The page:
|Full name||Jeffrey Scott Buckley|
|Know as||Jeff Buckley, Buckley, Jeff|
|Birth place||Anaheim, California, USA|
|Lived||30 years, 6 month, 12 days|
|Height||5' 7½" (1.71 m)|
Jeffrey Scott Buckley sourcesjeffbuckley.com
Jeffrey Scott Buckley Biography:
Produced in 1966 in California, Jeff Buckley started playing guitar at age 5. Equipped along with his distinctive multioctave voice, Buckley emerged from The Big Apple ‘s music scene in a big way with his first release, 1994’s Grace. The record made him an ultimate ace with both critics and supporters, and his cover of Leonard Cohen’s “Hallelujah” went to attain a sublime standing with listeners. 3 years after, only short of his 31st birthday and while recording tracks for his second record, Buckley drowned while swimming through the night near Memphis, Tennessee.
His mom was a classically trained musician, and his dad, Tim Buckley, was a well known folk singer. Buckley, nevertheless, just met his dad one time; the two spent a week together when Jeff was 8. The older Buckley died of a heroin overdose at age 28, less than a year following the pair’s assembly.
During the following several years, he played various shows and composed tunes, looking for direction. In 1990, he moved to Nyc, where he finally joined the group Gods and Monsters, featuring Gary Lucas, the previous guitarist with Captain Beefheart. It was not long, though, before he left the group to embark upon a solo career. He discovered his home from home in a tiny East Village caf called Sin-. A few of his performances were recorded on a four-song EP titled Live at Sin-, that was released in 1993.
Featuring original tunes like “Last Goodbye,” “Mojo Pin” as well as a cover of Leonard Cohen’s “Hallelujah,” Grace premiered into a small reception, but found some kindred spirits in the crucial world. Buckley and his group went on tour to market the record for nearly three years, during which time the record and Buckley found popular and critical focus grow.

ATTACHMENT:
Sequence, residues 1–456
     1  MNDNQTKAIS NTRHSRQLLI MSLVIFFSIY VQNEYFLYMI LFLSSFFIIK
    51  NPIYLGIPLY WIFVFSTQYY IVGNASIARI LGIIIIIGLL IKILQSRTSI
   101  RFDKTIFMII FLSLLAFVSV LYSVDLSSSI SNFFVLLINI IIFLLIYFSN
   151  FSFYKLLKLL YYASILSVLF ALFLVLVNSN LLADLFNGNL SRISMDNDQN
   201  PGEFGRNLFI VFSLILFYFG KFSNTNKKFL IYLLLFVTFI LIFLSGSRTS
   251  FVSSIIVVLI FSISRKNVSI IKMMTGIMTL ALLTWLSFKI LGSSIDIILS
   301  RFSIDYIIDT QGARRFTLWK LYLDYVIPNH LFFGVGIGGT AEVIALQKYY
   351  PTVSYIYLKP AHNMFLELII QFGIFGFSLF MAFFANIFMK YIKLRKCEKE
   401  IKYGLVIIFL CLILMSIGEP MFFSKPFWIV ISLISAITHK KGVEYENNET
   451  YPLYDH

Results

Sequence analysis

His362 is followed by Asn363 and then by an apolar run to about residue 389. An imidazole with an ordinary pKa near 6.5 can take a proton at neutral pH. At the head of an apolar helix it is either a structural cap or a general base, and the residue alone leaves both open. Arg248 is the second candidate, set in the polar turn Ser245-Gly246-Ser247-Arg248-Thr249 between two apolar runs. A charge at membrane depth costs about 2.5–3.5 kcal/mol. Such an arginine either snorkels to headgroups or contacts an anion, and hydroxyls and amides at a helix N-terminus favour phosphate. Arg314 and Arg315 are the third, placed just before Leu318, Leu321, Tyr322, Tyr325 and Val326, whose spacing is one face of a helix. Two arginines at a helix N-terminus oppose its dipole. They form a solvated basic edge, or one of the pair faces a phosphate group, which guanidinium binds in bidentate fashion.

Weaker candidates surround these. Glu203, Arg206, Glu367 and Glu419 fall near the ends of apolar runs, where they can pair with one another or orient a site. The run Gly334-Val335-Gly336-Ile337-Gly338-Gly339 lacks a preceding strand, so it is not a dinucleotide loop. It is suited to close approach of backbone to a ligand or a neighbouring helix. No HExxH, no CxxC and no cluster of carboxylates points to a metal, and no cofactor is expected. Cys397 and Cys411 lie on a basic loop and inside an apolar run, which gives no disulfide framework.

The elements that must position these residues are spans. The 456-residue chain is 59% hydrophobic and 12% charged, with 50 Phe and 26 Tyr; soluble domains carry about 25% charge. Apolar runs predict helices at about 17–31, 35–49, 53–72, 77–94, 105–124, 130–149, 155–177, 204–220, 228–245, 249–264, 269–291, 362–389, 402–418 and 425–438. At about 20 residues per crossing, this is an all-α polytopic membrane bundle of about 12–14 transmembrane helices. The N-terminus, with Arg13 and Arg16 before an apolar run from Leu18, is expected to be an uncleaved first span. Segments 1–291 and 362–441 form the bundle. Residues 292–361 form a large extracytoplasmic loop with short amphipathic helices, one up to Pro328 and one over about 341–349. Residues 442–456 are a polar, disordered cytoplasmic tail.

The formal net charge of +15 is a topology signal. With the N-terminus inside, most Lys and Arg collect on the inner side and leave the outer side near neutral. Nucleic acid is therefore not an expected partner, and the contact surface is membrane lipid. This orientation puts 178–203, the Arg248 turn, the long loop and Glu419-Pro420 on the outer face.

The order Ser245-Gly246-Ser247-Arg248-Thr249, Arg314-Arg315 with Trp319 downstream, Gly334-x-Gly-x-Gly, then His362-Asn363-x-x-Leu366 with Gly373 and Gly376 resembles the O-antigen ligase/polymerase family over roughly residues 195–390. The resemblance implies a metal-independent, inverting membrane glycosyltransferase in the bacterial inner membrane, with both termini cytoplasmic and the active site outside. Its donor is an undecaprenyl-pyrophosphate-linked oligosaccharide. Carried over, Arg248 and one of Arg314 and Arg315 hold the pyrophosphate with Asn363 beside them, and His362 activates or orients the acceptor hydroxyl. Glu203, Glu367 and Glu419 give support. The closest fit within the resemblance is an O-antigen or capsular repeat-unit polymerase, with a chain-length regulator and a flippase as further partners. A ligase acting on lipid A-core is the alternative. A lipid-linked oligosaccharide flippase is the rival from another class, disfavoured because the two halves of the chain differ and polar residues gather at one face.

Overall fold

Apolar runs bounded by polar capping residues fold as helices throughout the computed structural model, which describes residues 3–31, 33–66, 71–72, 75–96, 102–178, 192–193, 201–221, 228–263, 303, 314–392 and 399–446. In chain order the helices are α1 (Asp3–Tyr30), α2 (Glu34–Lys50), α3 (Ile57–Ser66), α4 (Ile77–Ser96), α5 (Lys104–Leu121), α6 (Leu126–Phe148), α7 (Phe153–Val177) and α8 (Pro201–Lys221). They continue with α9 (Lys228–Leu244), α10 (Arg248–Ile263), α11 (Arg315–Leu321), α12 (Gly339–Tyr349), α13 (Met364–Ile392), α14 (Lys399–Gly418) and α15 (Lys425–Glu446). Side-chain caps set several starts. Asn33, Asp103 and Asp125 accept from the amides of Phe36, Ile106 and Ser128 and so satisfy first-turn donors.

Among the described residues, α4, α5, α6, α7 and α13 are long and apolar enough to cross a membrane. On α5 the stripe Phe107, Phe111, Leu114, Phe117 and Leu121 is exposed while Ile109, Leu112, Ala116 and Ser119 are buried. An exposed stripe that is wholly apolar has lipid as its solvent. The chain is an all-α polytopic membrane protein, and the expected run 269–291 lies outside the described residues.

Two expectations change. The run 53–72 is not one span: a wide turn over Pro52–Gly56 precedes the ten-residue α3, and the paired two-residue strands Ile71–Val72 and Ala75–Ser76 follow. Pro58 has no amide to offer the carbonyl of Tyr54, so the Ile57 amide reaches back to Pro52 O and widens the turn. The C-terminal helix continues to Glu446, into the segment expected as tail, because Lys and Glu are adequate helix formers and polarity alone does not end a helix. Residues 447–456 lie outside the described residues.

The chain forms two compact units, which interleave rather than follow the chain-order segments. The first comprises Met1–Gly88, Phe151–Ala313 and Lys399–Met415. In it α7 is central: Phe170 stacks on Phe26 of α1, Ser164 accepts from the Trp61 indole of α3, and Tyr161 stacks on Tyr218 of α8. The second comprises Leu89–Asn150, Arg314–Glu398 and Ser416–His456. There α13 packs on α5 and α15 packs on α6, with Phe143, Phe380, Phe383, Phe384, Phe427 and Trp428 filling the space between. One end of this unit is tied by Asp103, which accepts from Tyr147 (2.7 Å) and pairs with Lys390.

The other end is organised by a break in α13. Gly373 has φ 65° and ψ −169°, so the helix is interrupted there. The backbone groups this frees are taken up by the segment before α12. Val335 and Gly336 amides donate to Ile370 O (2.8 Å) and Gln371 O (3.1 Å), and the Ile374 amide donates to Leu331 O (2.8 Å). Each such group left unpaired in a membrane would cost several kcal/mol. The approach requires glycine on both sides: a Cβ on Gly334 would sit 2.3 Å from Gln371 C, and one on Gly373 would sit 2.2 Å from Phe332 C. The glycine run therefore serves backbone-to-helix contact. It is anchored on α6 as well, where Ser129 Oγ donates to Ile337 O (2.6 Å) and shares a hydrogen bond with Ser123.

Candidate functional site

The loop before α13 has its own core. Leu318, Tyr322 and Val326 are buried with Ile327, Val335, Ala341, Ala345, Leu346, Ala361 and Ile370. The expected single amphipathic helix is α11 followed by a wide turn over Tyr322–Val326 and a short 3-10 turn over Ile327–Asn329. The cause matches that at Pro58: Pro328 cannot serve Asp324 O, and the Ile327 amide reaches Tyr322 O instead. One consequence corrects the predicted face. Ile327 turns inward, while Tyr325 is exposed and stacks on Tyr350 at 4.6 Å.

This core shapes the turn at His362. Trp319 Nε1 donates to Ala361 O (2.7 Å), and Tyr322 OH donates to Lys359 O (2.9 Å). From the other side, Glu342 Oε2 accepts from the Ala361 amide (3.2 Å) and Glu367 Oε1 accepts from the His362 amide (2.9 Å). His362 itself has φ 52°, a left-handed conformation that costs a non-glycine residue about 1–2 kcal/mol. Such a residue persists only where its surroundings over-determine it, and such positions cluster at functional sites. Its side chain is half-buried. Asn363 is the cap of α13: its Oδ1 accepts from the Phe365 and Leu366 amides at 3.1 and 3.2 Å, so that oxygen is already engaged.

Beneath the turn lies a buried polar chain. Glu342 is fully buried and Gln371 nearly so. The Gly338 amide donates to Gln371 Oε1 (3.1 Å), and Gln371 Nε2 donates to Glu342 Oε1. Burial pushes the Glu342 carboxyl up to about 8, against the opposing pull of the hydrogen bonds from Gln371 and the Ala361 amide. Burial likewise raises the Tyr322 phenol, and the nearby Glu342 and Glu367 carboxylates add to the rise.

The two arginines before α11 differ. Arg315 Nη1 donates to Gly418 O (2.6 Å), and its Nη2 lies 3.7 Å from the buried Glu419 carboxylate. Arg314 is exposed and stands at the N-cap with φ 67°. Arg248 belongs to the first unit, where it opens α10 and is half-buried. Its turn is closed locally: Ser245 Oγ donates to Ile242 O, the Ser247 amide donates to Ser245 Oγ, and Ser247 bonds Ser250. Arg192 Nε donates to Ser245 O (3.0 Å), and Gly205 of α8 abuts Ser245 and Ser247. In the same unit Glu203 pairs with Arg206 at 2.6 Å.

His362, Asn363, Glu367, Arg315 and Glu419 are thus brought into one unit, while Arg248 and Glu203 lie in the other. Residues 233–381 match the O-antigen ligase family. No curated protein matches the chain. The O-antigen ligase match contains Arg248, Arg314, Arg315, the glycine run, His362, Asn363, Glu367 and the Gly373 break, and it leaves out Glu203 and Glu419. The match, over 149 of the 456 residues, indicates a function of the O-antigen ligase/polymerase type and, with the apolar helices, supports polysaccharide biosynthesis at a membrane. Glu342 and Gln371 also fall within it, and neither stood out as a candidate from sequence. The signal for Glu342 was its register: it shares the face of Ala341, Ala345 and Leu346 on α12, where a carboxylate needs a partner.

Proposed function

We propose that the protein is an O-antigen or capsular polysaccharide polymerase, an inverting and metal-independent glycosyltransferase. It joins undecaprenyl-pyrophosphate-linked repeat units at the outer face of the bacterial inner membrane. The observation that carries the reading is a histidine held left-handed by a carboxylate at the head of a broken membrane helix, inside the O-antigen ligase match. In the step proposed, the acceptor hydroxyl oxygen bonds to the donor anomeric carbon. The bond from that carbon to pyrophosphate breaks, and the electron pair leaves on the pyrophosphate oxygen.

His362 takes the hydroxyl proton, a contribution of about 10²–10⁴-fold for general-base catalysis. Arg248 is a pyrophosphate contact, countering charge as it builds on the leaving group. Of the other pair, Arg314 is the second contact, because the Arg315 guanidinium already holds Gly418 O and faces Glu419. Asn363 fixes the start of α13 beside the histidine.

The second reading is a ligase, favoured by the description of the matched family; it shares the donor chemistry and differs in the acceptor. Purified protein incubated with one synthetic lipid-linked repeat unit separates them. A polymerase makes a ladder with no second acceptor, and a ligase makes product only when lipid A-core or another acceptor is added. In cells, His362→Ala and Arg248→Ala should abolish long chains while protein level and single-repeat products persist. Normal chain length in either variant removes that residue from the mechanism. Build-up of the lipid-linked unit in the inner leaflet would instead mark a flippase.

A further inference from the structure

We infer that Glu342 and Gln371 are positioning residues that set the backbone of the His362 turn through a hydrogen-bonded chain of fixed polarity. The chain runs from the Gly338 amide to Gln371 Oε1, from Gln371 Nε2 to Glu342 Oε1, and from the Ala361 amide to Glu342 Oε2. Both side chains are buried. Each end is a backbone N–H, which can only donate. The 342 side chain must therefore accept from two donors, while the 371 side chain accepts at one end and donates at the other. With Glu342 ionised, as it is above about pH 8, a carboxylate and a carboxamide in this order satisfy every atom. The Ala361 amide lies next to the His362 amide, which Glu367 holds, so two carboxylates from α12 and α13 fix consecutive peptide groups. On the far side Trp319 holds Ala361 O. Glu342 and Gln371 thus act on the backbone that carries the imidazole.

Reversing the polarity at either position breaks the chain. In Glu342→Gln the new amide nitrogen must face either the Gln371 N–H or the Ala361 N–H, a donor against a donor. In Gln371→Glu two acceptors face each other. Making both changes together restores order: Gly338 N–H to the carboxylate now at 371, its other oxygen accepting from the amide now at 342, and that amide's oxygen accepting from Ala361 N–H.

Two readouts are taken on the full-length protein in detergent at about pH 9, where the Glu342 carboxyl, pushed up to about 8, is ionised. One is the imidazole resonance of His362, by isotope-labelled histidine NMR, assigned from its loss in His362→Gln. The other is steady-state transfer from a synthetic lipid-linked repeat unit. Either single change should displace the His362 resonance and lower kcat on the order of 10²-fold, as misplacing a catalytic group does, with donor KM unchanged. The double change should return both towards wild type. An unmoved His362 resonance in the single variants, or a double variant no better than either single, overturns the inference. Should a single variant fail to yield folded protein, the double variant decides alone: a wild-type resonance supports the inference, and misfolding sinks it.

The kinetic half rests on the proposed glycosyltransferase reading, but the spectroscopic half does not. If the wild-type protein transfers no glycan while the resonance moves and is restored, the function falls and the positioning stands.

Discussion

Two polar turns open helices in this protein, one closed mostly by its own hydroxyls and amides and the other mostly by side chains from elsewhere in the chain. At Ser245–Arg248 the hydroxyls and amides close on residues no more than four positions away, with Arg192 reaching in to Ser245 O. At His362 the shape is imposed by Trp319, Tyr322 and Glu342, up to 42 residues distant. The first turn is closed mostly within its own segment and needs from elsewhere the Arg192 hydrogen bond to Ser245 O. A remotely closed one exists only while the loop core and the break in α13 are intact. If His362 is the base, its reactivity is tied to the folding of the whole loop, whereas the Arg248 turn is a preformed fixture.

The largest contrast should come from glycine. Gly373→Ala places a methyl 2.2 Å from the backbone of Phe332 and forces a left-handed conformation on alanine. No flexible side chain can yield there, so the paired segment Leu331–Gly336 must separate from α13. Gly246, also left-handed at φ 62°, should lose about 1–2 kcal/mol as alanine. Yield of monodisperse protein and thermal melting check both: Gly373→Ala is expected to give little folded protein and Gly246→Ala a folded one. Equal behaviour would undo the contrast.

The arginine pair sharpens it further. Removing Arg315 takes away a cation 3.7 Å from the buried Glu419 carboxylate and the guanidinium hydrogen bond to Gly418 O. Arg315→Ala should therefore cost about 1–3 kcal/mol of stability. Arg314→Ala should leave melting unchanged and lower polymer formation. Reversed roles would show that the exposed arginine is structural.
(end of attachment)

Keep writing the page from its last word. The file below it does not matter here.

In the past few years since its launch, actually, Grace was lauded repeatedly, apparently picking up momentum with each passing year. An especially remarkable accolade was supplied by David Bowie, who named Grace the exclusive record he’d need if stranded on a desert island.
From the summer of 1996, Buckley had started recording demos for his second record, which he thought to call My Sweetheart the Drunk. The recording sessions were held in Nyc and Memphis, Tennessee, where Buckley had lately relocated. On May 29, 1997, the night his group was arriving from The Big Apple to record the ultimate studio tracks, Buckley along with a buddy took a detour while en route to the recording space.
Creating a stop at the Wolf River channel of the Mississippi River, a completely clothed Buckley waded to the water and started swimming. The aftermath of a passing boat sucked Buckley under, and he drowned. His body was recovered six days afterwards, after it had been seen with a riverboat passenger. Following his departure, Buckley’s mom started working with Columbia Records on any posthumous releases, the very first of which became Sketches for My Sweetheart the Drunk (1998), a double-cd set featuring incomplete tunes that Buckley had lately recorded.